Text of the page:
How Kikwete, New Darling of the
West, Saved the Country From Collapse
The East African (Nairobi)
3 March 2008
What influence and clout did the chairman of the African Union,
Tanzanian President Jakaya Mrisho Kikwete, bring to bear on the
Kenyan mediation process?
Those were the questions on the lips of most observers as the
country celebrated last Thursday's historic breakthrough in the
His intervention came at a time when the negotiations were on the
brink of collapse. But Kikwete came into the scene with confidence,
declaring that a deal was in the making - and sure enough, it was.
What did he tell President Mwai Kibaki and Raila Odinga?
One theory has is that he came to town with a terse message from
US President George W. Bush to the effect that the power-sharing
deal must be sealed by all means.
As chairman of the African Union, Kikwete has recently emerged as
a key ally and kingpin of the US in the region.
Although this same message had already been passed to Kibaki by US
Secretary of State Condoleezza Rice, who had visited Nairobi
barely a week earlier, Kikwete's intervention was bound to meet
with a better reception in Nairobi considering that he came to the
Kenyan capital wearing two hats - president of a neighbouring
fellow member of the East African Community as well as chairman of
the African Union.
His visit to Nairobi had added significance in the wake of
thinly-veiled threats by the US government, the European Union and
even the United Nations of an intervention in the country if the
mediation talks failed.
It was US top diplomat Jendayi Frazer who early this month on the
sidelines of a summit meeting of the African Union in Ethiopia
first issued the threat that the international community would
impose a solution on Kenya if the mediation process led by Kofi
If any such intervention was indeed being contemplated, the person
who would have known its scope and full consequences would have
been the chairman of the African Union.
Hence, the theory that Kibaki capitulated in the face of the
threat of an AU-led military intervention in the Kenyan crisis.
It appears that the US and other Western powers were worried that
without concerted and sustained pressure, the AU would treat the
Kenyan crisis with the same lukewarm approach it has adopted on
Kikwete's intervention indicates that the Tanzanian president, who
came to power in 2005, is gradually becoming the linkman of the US
in the region, having replaced Uganda's President Yoweri Museveni.
Signs that the US now considers President Kikwete its chief
regional ally came in September 2006 when it emerged, to Nairobi's
fury, that Kikwete had discussed Kenya's "instability" with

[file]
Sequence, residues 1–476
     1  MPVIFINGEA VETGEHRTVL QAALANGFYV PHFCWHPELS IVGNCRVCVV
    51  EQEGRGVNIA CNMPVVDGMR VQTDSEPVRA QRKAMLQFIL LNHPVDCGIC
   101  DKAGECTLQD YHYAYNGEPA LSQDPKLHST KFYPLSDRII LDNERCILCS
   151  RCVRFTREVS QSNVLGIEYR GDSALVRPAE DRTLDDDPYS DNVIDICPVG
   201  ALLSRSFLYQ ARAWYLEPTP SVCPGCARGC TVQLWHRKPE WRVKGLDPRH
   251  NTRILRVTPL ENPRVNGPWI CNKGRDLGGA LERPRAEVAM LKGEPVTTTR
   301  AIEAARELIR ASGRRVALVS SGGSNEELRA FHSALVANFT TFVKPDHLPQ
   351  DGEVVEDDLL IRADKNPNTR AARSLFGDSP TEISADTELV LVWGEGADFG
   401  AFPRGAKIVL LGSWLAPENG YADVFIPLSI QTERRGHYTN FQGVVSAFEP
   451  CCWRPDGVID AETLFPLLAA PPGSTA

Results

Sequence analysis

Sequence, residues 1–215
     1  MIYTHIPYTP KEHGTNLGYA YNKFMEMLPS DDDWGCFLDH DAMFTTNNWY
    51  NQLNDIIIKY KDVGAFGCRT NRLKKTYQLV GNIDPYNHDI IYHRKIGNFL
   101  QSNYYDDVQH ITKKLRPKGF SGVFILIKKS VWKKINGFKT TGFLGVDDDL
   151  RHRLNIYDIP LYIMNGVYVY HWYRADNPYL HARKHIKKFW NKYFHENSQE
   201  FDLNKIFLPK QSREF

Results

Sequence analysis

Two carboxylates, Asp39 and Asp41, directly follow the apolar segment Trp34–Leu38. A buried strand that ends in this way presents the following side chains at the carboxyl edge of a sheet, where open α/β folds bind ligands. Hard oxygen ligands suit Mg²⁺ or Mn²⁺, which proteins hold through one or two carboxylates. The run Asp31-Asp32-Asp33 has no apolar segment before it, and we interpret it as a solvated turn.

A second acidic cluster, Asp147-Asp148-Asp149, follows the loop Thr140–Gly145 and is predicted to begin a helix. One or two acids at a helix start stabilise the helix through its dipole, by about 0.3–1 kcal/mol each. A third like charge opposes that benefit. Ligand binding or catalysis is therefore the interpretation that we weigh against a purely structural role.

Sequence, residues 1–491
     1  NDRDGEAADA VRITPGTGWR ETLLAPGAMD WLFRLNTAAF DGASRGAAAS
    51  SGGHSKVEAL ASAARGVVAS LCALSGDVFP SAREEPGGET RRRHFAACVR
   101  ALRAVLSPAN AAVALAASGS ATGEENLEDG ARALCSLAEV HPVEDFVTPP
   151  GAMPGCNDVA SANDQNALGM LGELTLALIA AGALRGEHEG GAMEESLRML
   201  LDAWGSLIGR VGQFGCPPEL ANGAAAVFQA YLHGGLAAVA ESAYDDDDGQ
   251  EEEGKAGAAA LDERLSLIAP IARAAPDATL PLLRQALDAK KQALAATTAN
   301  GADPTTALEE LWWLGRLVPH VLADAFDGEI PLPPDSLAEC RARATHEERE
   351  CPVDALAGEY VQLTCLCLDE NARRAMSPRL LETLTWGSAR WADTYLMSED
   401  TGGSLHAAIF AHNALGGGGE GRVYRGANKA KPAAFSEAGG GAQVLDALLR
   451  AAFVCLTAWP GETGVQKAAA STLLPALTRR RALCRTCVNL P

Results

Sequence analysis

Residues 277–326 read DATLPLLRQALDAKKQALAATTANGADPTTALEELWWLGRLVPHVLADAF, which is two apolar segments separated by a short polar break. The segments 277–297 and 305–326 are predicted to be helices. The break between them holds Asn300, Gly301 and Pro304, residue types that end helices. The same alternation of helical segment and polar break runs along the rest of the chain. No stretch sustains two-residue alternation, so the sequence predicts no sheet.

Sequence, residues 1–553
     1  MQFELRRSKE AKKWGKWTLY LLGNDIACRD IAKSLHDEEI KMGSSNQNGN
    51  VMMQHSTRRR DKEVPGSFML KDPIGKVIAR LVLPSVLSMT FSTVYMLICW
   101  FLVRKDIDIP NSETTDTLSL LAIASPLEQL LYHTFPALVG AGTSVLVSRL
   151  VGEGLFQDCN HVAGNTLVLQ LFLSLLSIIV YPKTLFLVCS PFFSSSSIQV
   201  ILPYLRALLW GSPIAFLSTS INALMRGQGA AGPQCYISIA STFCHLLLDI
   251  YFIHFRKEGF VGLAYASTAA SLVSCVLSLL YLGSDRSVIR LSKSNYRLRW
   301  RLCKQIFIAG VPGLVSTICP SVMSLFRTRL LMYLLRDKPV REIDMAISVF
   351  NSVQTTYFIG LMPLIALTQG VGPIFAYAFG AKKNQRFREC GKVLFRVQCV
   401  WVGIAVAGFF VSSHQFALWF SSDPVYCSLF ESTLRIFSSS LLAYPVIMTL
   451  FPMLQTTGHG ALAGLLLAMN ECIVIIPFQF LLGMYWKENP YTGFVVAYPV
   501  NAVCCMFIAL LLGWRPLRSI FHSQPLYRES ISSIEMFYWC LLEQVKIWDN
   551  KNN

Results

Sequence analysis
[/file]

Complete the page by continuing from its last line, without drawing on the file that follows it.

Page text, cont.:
President Bush during a visit to the White House.
Kikwete's rise as a regional kingpin has been bolstered by a
high-profile anti-graft campaign he recently launched that has
seen former powerful members of Tanzania's ruling party, Chama cha
Mapinduzi (CCM), fall one after another - allowing him to redraw
power centres and reform the grand old party.
He dissolved the Cabinet after he had accepted the resignation of
his prime minister, Edward Lowassa, and two other ministers, Nazir
Karamagi and Ibrahim Msabaha, who were both implicated in a major
The ministers and several other officials were accused of
interfering with an energy contract to favour the US-based
Richmond Company, contravening laws and rules on procurement.
Observers also saw the reshuffle as a move to dismantle corruption
networks within CCM and reclaim party organs from the control of a
Having been elected the new AU chairman on January 31 this year at
the summit in Addis Ababa, Kikwete's role in resolving the Kenyan
political crisis has given the AU a much-needed shot in the arm
after its dismal performance in Darfur and Somalia.
As with the defunct Organisation of African Unity, the AU
Constitutive Act adopted in July 2000 in Lome, Togo, prohibits
interference by any member state in the internal affairs of
But Article 4 (h) gives the Union the right to intervene in a
member state pursuant to a decision of the assembly in respect of
grave circumstances such as war crimes, genocide and other crimes
It is instructive that despite accepting the AU-sanctioned
mediation, the Kenyan government had earlier maintained that the
country was not at war and that an internal solution could be
reached, despite the fact that the political crisis in Kenya has
had a huge impact on the economies of
Southern Sudan, Uganda, eastern Congo, Burundi and Rwanda.
The new deal involves the creation of the post of prime minister,
which will put Kenya on the path to fully adopting a parliamentary
system, a goal that has eluded the country for the past 15 years.
However, it is Kikwete's emergence as an influential figure in the
region that could spark a major realignment within the Great Lakes
region. Until now, Uganda's President Yoweri Museveni, who is also
the Commonwealth chairman, was believed to be the darling of the
However, his victory in the disputed 2006 elections and the
harassment of opposition figures before and after the polls dented
his image as a reformer who had saved Uganda from sliding into
Similarly, his move to change the constitution to do away with the
presidential term limit did not go down well in the West.
In the late 1990s, Museveni, together with the late Congolese
president Laurent Desire Kabila, Paul Kagame (Rwanda), Meles
Zenawi (Ethiopia) and Isaias Aferworki of Eritrea, were seen by
the West as a "new breed" of leaders with the vision to move
While President Museveni still remains a strong ally of the West,
President Kibaki has had a love-hate relationship with the West
since he adopted his "Look East" policy.